Ambient Air Quality/EPA/NTAA/Tribes

NEW! TAMS Center Data Validation Video

The TAMS Center is honored to present the first video in a series on data management and validation, in which we learn how the Morongo Band of Mission Indians conducts their air data validation and exceeded expectations during a rigorous EPA Technical Systems Audit. This video will become part of our 2020 online Data Validation course, and is useful for anyone interested in what makes environmental data legally defensible: evidence.


Grant Writing Basics Blog Series

Learn tips and advice for writing federal grant applications through the Grant Writing Basics Blog Series. The goal of the series is to provide the essential basics to begin writing on a solid foundation. Topics covered include:

  • How to Start Working on Future Funding Opportunities
  • Demystifying Funding Opportunity Announcements
  • Tips to Avoid Last Minute Problems
  • Making Sure You Are Eligible before Writing

Learn more


NEW! EPA Grants Management Training

This online training course is designed to introduce EPA grant applicants and recipients to key aspects of the entire grant life cycle, from preparation of an application through grant closeout.  Throughout this training, the term “grant” is used as a general term to refer to both grants and cooperative agreements. The course is divided into separate modules that can be completed individually.  Each module includes knowledge checks to verify your understanding of key concepts.  If you need to leave a module, the last slide to be completed will be saved, and you will be able to return to that location later.  Upon completion, you will be prompted to generate a downloadable certificate of completion. The 6 training modules include:

  1. Introduction to EPA Grants
  2. Demonstrating Financial Management System and Internal Control Capability
  3. Applying for a Grant
  4. Accepting a Grant
  5. Managing a Grant
  6. Closing a Grant


To view and/or receive ITEP’s American Indian Air Quality Training Program newsletter, Native Voices, click here!


Climate Change/Energy

On-Request Technical Assistance from DOE Office of Indian Energy

The DOE Office of Indian Energy provides federally recognized Indian tribes, including Alaska Native villages, tribal energy resource development organizations, and other organized tribal groups and communities, with technical assistance to advance tribal energy projects at no cost. Technical experts from DOE and its national laboratories, along with other partnering organizations, provide support to assist Indian tribes and Alaska Native villages with energy planning, housing and building energy efficiency, project development, policy and regulation, resilience, and village power. For more information, visit the on-request technical assistance description.


DOE Clean Cities Coalition Network Technical Assistance

Clean Cities connects transportation stakeholders with objective information and experts to assist with alternative fuels, fuel economy improvements, and emerging transportation technologies. Through these trusted, time-tested resources, Clean Cities has helped fleets and fuel providers deploy hundreds of thousands of alternative fuel vehicles and fueling stations that serve a growing market. Clean Cities continues to support the entry of new transportation technologies into the marketplace.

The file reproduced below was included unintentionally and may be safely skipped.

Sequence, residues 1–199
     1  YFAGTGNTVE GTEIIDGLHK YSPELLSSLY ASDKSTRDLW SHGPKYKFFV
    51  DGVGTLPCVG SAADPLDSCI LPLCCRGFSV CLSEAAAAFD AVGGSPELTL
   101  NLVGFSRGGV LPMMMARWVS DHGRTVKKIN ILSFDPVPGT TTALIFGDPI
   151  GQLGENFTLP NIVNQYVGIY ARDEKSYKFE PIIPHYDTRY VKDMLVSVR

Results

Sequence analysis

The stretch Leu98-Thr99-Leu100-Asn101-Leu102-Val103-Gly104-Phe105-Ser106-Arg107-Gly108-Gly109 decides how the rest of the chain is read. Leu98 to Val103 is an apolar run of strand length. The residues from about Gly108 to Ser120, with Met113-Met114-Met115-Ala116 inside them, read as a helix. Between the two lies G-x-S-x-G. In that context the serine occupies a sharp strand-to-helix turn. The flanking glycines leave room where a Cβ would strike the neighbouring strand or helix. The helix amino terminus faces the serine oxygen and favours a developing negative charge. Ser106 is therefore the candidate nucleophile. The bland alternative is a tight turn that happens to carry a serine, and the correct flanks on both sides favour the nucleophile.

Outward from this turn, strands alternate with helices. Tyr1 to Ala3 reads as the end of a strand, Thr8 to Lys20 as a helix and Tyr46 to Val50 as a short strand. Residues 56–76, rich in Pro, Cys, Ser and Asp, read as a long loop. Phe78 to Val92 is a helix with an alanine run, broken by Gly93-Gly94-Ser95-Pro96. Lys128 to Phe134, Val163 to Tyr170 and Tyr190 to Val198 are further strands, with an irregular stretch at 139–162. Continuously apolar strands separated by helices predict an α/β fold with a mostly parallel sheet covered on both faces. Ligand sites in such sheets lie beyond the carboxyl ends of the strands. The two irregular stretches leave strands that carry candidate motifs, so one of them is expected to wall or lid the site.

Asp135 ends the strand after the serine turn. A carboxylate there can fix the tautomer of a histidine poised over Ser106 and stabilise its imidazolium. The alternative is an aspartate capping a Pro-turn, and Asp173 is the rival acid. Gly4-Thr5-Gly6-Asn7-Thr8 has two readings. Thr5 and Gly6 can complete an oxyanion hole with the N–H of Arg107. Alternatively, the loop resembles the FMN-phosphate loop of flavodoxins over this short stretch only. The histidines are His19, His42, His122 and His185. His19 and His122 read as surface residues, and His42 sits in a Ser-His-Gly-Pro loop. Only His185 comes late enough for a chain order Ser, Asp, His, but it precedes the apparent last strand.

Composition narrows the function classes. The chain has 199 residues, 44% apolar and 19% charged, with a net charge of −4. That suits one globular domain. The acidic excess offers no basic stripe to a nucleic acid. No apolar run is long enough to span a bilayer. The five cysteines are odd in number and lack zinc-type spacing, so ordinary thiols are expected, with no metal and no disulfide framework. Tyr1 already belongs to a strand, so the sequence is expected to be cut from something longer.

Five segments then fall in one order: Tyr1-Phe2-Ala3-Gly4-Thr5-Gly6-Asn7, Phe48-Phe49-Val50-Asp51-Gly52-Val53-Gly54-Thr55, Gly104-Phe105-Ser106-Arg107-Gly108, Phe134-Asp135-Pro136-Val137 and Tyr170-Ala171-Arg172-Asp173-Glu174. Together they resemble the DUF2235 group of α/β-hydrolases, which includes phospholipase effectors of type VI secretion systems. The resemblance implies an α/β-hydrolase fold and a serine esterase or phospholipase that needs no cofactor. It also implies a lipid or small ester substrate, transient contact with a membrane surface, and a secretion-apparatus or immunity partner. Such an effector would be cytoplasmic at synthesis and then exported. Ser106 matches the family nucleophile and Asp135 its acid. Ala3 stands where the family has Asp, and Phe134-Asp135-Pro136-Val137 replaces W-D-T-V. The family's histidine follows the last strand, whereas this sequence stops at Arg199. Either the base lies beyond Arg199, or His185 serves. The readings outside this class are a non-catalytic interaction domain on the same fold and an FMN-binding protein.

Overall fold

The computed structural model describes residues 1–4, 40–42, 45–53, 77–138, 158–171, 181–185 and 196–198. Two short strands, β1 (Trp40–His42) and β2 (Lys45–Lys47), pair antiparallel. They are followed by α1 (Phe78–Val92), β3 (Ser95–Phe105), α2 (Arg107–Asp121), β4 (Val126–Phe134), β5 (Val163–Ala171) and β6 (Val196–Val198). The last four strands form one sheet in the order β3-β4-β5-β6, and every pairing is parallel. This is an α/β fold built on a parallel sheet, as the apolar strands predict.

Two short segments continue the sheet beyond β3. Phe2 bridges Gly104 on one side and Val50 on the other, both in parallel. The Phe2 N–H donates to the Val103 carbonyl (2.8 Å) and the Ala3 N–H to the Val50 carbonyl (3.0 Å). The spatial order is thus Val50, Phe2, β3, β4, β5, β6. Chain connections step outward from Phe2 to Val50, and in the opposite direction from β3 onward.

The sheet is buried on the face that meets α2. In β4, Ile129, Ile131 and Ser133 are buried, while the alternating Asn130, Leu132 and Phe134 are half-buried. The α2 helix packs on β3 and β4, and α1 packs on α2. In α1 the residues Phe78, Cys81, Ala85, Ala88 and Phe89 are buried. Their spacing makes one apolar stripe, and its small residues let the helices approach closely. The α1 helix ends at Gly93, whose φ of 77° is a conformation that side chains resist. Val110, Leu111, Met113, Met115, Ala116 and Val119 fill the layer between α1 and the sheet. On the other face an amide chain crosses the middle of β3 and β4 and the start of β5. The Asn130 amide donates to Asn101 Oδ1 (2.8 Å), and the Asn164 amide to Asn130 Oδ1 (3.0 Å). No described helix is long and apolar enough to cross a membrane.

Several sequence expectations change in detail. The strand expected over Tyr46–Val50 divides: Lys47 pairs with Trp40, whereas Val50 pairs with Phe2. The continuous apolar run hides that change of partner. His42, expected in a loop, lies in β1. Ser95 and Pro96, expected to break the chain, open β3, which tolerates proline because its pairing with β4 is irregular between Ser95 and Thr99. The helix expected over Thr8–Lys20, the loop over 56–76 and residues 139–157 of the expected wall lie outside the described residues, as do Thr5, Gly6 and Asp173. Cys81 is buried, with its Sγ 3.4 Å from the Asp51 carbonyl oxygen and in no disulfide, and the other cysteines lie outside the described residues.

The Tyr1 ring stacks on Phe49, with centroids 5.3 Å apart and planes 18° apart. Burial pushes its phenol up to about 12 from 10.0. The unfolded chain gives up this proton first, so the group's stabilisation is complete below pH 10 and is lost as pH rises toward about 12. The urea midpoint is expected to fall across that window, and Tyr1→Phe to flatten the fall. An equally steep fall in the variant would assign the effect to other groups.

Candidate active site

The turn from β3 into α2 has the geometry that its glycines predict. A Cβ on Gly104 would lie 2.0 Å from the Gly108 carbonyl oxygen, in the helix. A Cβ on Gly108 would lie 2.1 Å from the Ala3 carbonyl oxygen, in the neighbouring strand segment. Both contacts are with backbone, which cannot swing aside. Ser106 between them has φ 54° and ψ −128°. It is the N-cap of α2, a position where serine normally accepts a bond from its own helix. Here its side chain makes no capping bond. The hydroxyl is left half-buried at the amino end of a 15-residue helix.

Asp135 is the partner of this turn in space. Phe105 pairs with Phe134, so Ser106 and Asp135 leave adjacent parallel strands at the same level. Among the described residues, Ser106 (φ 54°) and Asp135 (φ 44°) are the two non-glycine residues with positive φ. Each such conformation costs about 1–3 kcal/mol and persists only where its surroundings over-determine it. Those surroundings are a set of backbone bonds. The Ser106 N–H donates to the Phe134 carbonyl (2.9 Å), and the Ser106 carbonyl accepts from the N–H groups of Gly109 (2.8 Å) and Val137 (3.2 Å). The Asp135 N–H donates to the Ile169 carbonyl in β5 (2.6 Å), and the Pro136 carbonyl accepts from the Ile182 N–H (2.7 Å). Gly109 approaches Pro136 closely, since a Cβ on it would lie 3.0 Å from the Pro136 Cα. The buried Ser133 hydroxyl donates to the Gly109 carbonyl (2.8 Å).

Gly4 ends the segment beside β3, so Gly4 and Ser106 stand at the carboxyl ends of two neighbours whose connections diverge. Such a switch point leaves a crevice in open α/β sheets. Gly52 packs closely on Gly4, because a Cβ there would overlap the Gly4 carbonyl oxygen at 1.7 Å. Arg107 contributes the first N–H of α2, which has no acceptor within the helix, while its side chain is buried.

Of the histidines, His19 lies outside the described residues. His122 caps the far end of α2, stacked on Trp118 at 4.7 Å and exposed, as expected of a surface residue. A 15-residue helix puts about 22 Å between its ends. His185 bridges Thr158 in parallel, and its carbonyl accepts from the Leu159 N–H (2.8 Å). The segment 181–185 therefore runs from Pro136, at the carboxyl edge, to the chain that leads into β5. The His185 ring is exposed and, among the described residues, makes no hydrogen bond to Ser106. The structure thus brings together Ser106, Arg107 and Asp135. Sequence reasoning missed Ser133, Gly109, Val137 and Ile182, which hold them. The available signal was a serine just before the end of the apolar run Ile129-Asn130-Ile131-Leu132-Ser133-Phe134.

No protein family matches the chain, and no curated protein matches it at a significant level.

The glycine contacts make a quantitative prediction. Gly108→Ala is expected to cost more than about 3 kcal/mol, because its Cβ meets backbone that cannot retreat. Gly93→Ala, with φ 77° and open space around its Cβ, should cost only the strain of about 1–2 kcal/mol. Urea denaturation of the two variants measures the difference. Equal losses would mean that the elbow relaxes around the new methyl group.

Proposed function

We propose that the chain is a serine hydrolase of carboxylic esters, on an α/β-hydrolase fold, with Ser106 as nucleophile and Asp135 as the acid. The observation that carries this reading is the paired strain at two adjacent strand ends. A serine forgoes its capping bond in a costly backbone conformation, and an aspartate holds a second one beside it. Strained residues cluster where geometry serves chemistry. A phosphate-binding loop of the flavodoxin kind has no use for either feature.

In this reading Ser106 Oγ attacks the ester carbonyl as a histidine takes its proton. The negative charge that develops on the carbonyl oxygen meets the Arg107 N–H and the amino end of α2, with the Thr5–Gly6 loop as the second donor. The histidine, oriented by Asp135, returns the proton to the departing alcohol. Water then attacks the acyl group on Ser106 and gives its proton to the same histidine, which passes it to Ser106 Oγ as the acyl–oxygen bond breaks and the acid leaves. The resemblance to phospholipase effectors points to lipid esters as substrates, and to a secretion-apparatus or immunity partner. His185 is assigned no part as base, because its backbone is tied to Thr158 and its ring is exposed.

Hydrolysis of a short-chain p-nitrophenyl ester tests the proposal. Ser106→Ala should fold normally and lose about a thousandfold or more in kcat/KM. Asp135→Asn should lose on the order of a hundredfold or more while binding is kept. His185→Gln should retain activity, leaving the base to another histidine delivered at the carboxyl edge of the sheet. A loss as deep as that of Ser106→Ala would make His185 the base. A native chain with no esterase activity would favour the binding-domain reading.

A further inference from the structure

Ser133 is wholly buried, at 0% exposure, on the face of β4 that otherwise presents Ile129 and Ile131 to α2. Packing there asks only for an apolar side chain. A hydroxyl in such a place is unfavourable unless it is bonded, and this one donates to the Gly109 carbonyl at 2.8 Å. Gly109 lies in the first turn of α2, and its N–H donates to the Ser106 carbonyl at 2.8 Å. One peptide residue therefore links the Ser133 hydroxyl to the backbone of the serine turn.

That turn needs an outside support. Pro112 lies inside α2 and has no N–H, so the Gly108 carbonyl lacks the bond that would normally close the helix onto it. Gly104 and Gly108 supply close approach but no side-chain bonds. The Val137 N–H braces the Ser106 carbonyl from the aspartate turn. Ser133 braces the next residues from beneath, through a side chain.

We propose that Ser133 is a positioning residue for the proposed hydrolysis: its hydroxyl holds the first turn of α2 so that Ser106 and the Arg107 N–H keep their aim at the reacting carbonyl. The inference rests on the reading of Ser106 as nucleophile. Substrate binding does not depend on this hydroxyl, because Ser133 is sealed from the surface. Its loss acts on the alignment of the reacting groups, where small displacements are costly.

For more information, visit the technical assistance description.


Join NCAI’s Climate Action email listserv here!


Sign up for the Alliance for Green Heat’s newsletter!


 To view and/or receive ITEP’s Climate Change newsletter, click here!

Toxics/Mobile Sources

Indoor Air Quality

NEW! National Radon Action Month

The U.S. Environmental Protection Agency (EPA) has designated January as National Radon Action Month. EPA and the U.S. Surgeon General urge everyone to protect their health by testing the indoor air in their homes and schools for radon. Radon is a natural, radioactive gas that claims about 21,000 lives each year. It is the leading cause of death from lung cancer among nonsmokers in the United States. Exposure to radon is a preventable health risk. EPA recommends fixing homes with 4 picocuries per liter (pCi/L) or more of radon in the air. You cannot see or smell radon. Simple, inexpensive do-it-yourself radon test kits are available, or you can hire a certified professional to perform the testing.

Other ways in which you can help protect your family and community—

  1. Attend a National Radon Action Month event in your area. Look for radon events in your community.
  2. Educate others about radon.
  3. Take action in your community using the resources in EPA’s radon event planning kit.
    • Plan an activity in your community to help raise awareness of radon.
    • Write an op-ed or letter to the editor.
    • Attract media attention by working with a local official to issue a radon proclamation.
    • Download National Radon Action Month media resources and graphics to use for your print materials or website.
  4. Look for a radon-resistant home if you are planning to relocate. If you are buying a new home, look for builders that use radon-resistant construction techniques found in EPA’s Indoor airPLUS guidelines. Read more about radon-resistant new construction in Building Radon Out: A Step-by-Step Guide on How to Build Radon-Resistant Homes.

As part of the National Radon Action Plan, EPA is working with state and local partners to educate the public about the risk from radon. Learn more about radon and how to reduce your exposure to radon at

Be sure to sign up for EPA’s Healthy Indoor Air newsletter.